May 9, Vol. 23, No. 41  

Relationship Study: Do You Love Me?  

Petal picking

Obviously, playing the random "He loves me, he loves me not" game is not the best way to determine if the object of your affection returns your feelings.

However, new research from Carnegie Mellon suggests that perhaps the best way to have your partner love you is to show him/her love first. Published in the Journal of Social and Personal Relationships, the study offers a direct measure of perceived partner closeness, or how to gauge if he or she does in fact love you.


"Developing closeness with another person can be risky, so you need to regulate the closeness to protect yourself from things like rejection or sharing too much with the wrong person," explained the study's lead author, Jennifer M. Tomlinson, a post-doctoral research fellow in the Dietrich College of Humanities and Social Sciences' Department of Psychology. "When we become close with someone, we begin to include aspects of them in our self image. We also look for cues that relationship partners value us in the same way. What our work found was that this predicts whether people feel comfortable increasing their own closeness in a relationship."

Read the full story.

Garrison Develops New High-Stress Steel    

Warren M. Garrison Jr., a professor of materials science and engineering, has developed a new ultra-strength steel of high fracture toughness that is significantly less expensive to manufacture than existing products.

The new steel contains no cobalt and only a relatively small amount of nickel and therefore is much less expensive than other ultra-high strength steels of high fracture toughness - all of which contain large amounts of cobalt and nickel.


Garrison said the new steel is one of the outcomes of a Small Business Technology Transfer Program, which was funded by the U.S. Navy. The steel was developed with Navy aircraft applications in mind, but it could be used for other applications. Garrison has a patent pending for the new steel.


Read more. 

OREOs to Popcorn: HERB's Discovering More 

HERB HERB, the Home-Exploring Robot Butler that appeared in OREO's Cookie vs. Creme ad campaign on YouTube, has discovered popcorn, thanks to the Lifelong Robotic Object Discovery (LROD) process developed by researchers at the Robotics Institute. LROD has enabled HERB to discover more than 100 objects in a home-like laboratory, including items such as computer monitors, plants and food items, such as popcorn.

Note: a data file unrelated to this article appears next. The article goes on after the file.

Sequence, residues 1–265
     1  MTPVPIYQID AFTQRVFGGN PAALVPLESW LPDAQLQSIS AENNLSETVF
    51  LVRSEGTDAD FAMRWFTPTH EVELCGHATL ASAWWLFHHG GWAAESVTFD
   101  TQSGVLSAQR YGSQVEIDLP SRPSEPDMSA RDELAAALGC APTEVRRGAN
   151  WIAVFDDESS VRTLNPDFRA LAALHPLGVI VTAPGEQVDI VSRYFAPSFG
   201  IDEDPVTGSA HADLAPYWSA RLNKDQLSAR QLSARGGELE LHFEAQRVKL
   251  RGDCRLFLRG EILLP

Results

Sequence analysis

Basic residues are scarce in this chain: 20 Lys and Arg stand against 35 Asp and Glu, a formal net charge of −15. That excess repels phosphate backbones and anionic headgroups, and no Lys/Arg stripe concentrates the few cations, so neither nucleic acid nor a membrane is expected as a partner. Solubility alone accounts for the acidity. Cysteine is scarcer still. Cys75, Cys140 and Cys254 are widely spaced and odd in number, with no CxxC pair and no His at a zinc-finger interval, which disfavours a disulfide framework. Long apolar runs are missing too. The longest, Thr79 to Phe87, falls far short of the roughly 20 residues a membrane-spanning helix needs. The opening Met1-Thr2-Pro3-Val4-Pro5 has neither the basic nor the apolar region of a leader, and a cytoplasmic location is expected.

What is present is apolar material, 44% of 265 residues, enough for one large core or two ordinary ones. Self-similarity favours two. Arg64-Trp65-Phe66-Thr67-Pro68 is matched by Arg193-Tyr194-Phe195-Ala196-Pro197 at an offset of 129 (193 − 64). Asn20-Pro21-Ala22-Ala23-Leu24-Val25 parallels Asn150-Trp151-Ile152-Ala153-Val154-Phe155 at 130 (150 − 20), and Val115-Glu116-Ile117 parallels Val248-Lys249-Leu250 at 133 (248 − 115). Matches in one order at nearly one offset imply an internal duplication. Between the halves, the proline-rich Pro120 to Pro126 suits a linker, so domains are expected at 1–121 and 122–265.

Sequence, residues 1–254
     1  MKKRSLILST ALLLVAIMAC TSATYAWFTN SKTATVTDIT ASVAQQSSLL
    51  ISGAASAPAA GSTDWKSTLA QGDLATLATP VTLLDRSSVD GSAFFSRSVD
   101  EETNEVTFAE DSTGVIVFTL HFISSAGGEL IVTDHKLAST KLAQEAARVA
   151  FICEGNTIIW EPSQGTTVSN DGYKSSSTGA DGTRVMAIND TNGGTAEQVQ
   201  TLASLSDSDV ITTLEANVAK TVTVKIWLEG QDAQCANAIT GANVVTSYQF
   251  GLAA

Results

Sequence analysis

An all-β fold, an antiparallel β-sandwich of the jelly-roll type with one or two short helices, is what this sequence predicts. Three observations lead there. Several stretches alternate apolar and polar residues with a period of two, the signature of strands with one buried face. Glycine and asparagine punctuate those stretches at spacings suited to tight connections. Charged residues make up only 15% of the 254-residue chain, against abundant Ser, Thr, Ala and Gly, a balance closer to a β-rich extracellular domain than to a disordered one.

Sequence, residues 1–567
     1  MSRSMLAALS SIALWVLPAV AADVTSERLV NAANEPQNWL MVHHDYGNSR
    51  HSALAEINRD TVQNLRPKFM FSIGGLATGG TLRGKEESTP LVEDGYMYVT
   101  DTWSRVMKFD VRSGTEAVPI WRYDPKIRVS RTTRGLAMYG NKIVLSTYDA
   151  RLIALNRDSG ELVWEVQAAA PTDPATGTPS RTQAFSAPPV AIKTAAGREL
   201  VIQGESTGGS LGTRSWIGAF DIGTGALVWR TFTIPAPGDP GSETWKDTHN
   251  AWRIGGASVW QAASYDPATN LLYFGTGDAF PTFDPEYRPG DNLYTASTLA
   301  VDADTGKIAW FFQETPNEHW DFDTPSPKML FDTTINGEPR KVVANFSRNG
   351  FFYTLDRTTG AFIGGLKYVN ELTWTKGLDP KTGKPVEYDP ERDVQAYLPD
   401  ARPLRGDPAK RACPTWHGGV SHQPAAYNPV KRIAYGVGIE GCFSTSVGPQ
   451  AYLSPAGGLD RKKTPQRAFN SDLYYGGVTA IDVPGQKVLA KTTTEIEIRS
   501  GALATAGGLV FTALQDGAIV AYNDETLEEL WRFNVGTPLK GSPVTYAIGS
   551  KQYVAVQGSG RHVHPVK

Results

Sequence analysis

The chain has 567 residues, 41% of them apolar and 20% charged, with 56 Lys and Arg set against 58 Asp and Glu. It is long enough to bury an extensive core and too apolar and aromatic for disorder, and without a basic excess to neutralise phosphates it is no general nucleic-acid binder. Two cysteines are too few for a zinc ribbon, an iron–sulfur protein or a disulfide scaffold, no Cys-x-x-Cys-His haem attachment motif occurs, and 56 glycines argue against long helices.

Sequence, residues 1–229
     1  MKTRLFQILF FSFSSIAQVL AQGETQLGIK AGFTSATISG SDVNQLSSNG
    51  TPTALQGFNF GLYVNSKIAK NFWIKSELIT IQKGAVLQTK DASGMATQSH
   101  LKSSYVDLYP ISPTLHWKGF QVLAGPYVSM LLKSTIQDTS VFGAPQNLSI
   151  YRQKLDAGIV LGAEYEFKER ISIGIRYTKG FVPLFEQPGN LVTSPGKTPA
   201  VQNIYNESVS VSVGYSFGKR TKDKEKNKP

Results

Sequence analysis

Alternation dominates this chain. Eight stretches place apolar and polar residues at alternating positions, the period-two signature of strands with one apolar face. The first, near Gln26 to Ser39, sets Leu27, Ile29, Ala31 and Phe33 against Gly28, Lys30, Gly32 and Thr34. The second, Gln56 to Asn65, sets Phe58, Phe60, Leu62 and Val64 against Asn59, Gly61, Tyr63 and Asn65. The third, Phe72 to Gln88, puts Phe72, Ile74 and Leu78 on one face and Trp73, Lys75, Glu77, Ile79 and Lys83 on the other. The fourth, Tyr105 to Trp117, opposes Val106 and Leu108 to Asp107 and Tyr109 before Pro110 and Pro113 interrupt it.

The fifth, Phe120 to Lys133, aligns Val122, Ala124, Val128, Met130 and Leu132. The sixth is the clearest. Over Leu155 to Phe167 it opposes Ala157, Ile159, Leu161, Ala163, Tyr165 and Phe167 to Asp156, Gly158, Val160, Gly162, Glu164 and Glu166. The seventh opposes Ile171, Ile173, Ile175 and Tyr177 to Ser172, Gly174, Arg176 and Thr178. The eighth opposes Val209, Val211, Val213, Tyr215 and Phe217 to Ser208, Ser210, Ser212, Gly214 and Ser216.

The robot's ability to discover objects on its own sometimes takes even the researchers by surprise, said Siddhartha Srinivasa, associate professor of robotics and head of the Personal Robotics Lab, where HERB is being developed. In one case, some students left the remains of lunch - a pineapple and a bag of bagels - in the lab when they went home for the evening. The next morning, they returned to find that HERB had built digital models of both the pineapple and the bag and had figured out how it could pick up each one.

Srinivasa said discovering and understanding objects in places filled with hundreds or thousands of things will be a crucial capability once robots begin working in the home and expanding their role in the workplace.

Read the full story.  | Read more about HERB.

Give Yourself a Pep Talk: Self-Affirmation Improves Problem-Solving Under Stress

It's no secret that stress increases your susceptibility to health problems, and it also impacts your ability to solve problems and be creative. But methods to prevent associated risks and effects have been less clear - until now.

Published in PLOS ONE, new research from Carnegie Mellon provides the first evidence that self-affirmation can protect against the damaging effects of stress on problem-solving performance. Understanding that self-affirmation - the process of identifying and focusing on one's most important values - boosts stressed individuals' problem-solving abilities will help guide future research and the development of educational interventions.


"People under high stress can foster better problem-solving simply by taking a moment beforehand to think about something that is important to them," said  J. David Creswell (pictured above), assistant professor of psychology in the Dietrich College of Humanities and Social Sciences.
Creswell said. "It's an easy-to-use and portable strategy you can roll out before you enter that high pressure performance situation."


 Read the full story. 

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Calendar Highlights 

 Personal Mention
This issue features:
Nancy Galbraith
Lowry Burgess
Josef Dadok
Lorrie Faith Cranor
Ian Bangor
News Briefs
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